Malachy Finegan victim welcomes legal action
A man abused by Malachy Finegan has welcomed news that Pope Francis and Catholic Church authorities in Ireland are to face to legal action.
Sean Faloon was first targeted by the former priest as a 10-year-old alter boy.
From Hilltown in Co Down, Mr Faloon (41) has previously spoken of how his abuse began with hugging and kissing after Mass, which progressed to full sexual contact.
He said that the priest told him that if he ever told anyone about the abuse it would “ruin me for the rest of my life”.
Details of the abuse only came to light when aged 17 Mr Faloon told his GP.
His family and police were later informed, however, a formal complaint was never made.
It has now emerged that one of the priest's early victims, Barry McCourt, is to launch legal action against the Diocese of Dromore, the Archdiocese of Armagh, the Bishop of Rome and the Holy See, arising out of allegations of abuse.
Finegan has been accused of sexual abuse across Co Down, including at St Colman's College in Newry where he taught from 1967 and was president for a decade.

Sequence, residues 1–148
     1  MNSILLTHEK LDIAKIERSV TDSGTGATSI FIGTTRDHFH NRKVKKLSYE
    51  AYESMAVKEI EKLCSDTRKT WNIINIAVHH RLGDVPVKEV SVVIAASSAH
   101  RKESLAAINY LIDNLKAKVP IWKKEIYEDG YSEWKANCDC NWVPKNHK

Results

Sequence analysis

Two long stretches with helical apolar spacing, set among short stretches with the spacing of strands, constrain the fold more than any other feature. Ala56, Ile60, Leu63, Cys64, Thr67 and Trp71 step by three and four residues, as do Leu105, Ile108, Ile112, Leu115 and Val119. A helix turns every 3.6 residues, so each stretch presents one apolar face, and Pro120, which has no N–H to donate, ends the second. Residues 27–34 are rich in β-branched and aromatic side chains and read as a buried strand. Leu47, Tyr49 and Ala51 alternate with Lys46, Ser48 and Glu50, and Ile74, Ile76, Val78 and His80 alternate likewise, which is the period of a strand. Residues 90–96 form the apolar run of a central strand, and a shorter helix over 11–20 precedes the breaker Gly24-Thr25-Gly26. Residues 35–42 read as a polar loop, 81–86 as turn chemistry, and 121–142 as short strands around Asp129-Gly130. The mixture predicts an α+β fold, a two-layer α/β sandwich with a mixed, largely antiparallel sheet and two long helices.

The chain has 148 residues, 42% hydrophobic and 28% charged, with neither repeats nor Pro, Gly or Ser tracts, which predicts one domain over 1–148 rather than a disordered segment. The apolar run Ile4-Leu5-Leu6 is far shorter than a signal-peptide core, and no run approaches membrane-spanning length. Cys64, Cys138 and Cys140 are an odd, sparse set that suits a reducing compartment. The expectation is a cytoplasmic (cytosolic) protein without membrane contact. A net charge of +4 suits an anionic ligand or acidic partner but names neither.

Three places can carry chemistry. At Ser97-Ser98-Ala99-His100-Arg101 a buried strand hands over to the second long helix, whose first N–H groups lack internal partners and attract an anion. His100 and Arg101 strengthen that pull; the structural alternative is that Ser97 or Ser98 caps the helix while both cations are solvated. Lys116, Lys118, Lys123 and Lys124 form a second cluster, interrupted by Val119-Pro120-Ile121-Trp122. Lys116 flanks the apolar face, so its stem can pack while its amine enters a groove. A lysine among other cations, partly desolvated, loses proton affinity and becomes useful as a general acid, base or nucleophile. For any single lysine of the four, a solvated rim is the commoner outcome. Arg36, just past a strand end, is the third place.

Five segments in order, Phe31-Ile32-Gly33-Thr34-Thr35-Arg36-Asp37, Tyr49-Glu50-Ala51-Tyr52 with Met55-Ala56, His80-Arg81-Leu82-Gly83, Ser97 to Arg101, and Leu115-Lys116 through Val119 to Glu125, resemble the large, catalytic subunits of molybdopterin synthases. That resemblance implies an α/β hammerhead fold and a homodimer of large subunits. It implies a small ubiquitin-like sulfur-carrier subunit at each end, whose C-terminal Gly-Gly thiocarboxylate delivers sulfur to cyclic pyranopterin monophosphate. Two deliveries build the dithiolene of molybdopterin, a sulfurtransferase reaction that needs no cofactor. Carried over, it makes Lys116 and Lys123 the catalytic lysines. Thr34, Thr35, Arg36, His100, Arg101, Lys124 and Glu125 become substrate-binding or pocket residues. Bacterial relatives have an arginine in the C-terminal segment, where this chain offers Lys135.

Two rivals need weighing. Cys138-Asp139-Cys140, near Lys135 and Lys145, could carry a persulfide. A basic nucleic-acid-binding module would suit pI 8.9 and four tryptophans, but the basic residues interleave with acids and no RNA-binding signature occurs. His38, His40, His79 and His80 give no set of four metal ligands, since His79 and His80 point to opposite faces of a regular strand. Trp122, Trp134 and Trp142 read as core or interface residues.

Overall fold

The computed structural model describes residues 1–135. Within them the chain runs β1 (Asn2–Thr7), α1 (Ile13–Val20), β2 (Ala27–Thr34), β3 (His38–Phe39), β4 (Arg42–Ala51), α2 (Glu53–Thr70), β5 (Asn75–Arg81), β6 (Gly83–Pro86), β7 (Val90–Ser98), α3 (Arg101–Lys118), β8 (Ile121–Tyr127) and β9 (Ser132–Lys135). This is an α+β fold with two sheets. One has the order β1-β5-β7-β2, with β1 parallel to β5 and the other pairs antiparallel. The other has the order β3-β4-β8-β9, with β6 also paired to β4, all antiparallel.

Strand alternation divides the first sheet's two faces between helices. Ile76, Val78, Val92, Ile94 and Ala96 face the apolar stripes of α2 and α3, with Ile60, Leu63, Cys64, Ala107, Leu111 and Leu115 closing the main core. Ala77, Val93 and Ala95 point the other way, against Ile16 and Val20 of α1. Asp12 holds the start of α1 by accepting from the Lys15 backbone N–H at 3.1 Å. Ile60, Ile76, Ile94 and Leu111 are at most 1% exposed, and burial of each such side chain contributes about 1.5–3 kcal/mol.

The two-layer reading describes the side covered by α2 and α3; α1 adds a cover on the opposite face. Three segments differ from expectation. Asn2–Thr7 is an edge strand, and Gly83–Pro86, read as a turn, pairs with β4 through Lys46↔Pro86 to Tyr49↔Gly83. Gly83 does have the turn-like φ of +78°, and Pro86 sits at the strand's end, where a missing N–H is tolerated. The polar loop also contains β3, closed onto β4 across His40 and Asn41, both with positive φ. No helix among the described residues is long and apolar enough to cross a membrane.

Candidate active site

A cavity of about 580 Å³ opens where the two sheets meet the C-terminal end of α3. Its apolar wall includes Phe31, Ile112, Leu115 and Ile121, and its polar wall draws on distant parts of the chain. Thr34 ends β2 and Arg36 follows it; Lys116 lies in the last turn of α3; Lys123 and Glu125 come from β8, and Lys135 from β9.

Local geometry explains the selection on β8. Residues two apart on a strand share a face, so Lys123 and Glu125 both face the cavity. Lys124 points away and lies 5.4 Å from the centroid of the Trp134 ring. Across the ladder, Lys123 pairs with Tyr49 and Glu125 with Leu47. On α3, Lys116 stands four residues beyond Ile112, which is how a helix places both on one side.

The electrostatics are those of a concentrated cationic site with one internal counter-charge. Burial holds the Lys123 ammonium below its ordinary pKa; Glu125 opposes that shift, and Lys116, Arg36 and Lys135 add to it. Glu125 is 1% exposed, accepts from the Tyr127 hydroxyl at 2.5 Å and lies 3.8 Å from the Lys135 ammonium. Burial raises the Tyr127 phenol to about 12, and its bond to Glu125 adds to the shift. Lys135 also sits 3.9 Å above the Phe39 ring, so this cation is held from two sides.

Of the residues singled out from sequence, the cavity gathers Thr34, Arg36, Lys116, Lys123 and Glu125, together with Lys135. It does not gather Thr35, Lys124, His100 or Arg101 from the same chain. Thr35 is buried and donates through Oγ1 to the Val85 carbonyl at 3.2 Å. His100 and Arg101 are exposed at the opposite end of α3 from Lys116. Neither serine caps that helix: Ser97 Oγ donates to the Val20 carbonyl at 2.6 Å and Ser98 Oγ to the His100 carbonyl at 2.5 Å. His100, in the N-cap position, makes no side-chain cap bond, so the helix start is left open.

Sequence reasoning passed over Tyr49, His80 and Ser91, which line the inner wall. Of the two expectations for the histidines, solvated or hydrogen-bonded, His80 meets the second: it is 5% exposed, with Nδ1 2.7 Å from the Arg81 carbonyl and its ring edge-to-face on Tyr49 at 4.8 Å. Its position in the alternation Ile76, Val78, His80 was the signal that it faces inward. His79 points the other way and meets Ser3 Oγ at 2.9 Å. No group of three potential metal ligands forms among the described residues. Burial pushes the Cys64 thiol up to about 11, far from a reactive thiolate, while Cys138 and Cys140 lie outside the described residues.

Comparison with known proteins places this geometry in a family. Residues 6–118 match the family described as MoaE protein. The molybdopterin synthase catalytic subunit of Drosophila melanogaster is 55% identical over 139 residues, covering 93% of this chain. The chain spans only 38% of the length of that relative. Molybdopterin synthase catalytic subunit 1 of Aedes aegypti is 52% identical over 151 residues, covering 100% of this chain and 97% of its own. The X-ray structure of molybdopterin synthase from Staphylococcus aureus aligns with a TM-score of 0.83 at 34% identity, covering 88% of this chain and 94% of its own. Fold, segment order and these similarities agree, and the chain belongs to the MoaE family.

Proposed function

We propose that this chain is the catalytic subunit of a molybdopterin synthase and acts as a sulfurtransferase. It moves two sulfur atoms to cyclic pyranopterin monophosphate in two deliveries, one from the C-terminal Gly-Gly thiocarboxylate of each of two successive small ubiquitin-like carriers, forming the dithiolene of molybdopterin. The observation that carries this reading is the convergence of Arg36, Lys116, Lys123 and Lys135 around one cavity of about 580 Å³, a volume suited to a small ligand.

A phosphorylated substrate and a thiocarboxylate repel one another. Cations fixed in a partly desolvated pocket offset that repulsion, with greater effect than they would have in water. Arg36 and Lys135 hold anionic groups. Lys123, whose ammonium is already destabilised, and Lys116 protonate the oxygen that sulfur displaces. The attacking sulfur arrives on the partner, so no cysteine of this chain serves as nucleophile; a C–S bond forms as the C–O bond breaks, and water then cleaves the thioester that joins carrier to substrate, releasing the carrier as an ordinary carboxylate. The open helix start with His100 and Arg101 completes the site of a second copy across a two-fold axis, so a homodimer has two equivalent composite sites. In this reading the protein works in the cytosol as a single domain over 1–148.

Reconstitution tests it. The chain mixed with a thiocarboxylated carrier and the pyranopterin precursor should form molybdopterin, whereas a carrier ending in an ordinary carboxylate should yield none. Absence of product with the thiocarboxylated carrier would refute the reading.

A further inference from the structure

At least 12 young boys are thought to have been sexually abused while he was at St Colman's, while many more were physically abused.
Finegan, who died in 2002, was also a parish priest of Clonduff in Hilltown in Co Down, where it is alleged he carried out further serious sexual abuse.
In the past concerns have also been raised that he may have been an RUC informer.
In total nine people have been interviewed under caution as part of a police investigation but there has been no direction to prosecute anyone.
A Police Ombudsman investigation has also been closed.
Mr Faloon said had little confidence in authorities from the outset and has always wanted to raise the matter at the highest level within the Catholic church.
“The move now by another survivor to take the Holy See, take the Pope to court, I fully welcome it and could not possibly put any more weight behind it,” he said.
“It's big relief to me that this day has finally come.”
Solicitor Kevin Winters, of KRW Law, said previously said the outworking of a recent PSNI and Police Ombudsman investigation “has resulted in a huge loss of confidence that anything will ever be done to expose just how much the Church knew about Finegan's activities” adding that the “case is being taken in order to try and address the real disappointment and frustration felt by many who took part in the criminal inquiry”.